Affiliations: [a] School of Nursing, George Washington University, Washington, DC, USA
| [b] Marxe School of Public and International Affairs, Baruch College, CUNY, NY, USA
| [c] Department of Obstetrics and Gynecology, University of Washington, Washington, DC, USA
John Hopkins University, Baltimore, USA
Address for correspondence: Mayri Sagady Leslie, George Washington University, School of Nursing, 1919 Pennsylvania Avenue NW, Suite 500, Washington, DC 20006, USA. Tel.: +1 619 743 4989; E-mail: firstname.lastname@example.org..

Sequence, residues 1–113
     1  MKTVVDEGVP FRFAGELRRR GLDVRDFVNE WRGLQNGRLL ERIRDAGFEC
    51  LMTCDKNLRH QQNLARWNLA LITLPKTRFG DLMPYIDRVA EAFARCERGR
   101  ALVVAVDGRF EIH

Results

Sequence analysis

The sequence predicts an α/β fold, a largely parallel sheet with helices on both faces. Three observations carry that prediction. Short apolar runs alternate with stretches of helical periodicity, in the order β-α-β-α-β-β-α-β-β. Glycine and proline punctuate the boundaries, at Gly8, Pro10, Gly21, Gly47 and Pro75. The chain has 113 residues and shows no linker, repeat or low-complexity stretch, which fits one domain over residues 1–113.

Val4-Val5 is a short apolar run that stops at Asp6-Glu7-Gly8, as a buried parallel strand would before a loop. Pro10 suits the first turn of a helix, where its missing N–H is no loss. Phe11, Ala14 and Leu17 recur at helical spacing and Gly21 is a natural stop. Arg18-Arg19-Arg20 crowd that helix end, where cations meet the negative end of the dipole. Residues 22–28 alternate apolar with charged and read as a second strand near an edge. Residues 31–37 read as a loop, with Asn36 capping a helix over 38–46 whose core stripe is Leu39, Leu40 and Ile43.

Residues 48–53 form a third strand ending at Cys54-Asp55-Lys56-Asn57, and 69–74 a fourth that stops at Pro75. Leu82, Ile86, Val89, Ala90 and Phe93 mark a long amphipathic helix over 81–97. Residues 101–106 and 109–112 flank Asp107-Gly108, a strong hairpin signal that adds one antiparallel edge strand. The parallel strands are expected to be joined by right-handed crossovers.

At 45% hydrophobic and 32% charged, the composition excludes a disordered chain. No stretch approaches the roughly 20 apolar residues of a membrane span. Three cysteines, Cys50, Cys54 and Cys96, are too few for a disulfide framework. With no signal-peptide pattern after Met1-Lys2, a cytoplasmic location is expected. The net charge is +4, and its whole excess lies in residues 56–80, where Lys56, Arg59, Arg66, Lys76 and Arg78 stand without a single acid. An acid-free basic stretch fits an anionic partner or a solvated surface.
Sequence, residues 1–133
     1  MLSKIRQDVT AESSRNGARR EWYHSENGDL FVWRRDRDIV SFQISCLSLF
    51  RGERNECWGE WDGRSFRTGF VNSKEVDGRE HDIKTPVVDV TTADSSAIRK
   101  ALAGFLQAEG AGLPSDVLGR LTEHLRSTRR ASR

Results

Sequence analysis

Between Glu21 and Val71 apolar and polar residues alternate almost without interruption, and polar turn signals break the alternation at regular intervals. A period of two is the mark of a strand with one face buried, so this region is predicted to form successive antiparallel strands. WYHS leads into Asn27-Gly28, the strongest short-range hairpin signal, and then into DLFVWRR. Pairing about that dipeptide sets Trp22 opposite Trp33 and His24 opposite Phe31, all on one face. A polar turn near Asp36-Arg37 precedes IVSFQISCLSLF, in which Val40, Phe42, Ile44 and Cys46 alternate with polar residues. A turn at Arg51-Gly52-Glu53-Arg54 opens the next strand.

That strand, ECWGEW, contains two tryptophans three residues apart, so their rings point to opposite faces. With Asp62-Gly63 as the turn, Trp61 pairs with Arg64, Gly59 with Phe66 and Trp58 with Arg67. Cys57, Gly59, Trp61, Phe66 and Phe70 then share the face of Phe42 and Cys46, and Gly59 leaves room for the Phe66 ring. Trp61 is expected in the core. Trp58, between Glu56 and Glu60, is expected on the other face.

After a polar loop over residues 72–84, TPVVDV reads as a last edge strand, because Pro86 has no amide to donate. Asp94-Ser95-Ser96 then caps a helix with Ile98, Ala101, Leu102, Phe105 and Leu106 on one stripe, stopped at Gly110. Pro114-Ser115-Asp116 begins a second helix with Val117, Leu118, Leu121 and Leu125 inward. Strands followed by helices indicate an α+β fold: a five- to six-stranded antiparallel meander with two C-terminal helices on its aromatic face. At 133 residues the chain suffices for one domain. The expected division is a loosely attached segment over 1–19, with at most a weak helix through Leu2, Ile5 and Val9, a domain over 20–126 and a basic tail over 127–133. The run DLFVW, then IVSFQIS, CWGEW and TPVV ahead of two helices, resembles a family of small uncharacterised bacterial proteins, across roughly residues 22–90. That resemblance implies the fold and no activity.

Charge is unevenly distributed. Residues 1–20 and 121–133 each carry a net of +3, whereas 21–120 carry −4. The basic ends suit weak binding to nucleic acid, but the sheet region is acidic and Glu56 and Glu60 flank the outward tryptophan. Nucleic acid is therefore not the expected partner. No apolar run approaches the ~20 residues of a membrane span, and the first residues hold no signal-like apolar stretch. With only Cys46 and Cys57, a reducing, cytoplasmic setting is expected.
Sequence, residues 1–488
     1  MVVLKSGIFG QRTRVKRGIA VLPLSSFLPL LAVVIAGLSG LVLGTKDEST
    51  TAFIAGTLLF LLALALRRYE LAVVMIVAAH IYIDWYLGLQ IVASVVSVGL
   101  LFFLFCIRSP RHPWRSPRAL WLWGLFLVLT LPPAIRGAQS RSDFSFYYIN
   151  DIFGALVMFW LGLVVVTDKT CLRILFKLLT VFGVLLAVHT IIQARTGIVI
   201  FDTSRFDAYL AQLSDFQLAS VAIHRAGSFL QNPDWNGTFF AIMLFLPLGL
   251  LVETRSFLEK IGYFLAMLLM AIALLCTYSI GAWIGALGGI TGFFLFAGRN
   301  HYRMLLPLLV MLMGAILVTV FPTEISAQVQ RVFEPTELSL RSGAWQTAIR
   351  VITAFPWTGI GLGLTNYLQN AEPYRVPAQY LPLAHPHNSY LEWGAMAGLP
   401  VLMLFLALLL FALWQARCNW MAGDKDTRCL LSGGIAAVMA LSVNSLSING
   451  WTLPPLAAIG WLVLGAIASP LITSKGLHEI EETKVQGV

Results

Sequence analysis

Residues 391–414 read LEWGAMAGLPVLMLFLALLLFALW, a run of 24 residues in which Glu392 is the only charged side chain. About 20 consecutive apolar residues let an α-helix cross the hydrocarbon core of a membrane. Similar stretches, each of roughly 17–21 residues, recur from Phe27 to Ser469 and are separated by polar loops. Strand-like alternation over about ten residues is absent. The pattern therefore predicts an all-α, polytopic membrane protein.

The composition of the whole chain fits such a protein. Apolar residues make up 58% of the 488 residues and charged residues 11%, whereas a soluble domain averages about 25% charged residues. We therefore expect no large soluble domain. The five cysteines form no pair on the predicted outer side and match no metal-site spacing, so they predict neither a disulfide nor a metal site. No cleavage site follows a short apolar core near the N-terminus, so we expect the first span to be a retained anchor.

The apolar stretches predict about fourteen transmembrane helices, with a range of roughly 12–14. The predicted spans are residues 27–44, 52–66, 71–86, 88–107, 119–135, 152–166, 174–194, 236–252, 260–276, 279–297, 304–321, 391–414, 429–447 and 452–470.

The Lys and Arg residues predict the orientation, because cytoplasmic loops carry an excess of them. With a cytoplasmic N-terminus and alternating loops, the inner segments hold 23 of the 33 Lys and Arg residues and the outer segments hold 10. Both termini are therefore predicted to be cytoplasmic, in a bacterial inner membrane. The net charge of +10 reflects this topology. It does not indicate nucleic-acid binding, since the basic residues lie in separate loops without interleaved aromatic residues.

Abstract: BACKGROUND:Delayed umbilical cord clamping is associated with significant benefits to preterm and term newborns and is recommended for all infants by the World Health Organization and the American College of Obstetricians and Gynecologists (ACOG). Little is known about the cord management practices of U.S. obstetricians. OBJECTIVE:The objective of this study was to describe current cord clamping practices by U.S. obstetricians and investigate factors associated with delayed cord clamping. STUDY DESIGN:A cross-sectional survey was sent to 500 members of the American College of Obstetricians and Gynecologists. Umbilical cord practices were assessed, and factors related to delaying cord clamping were examined using Chi-square tests and multivariate logistic regression models. RESULTS:The overall response rate was 37% with 74% of those opening the email responding. Sixty-seven percent of respondents reported DCC by one minute or more after vaginal births at term. After preterm and near-term vaginal births, 73% and 79% said they waited at least 30 seconds before clamping. The factor most consistently and strongly related to delaying cord clamping in both bivariate and multivariate analyses was having the belief that the timing of clamping was important. Additional analysis revealed that believing the timing was important was positively associated with the physician’s institution having a written policy on the cord clamping. CONCLUSIONS:In this study, a majority of respondents reported delaying cord clamping and indicated that employing strategies to implement the full uptake of this practice could be valuable. Findings suggest that institutional policies may influence attitudes on cord clamping.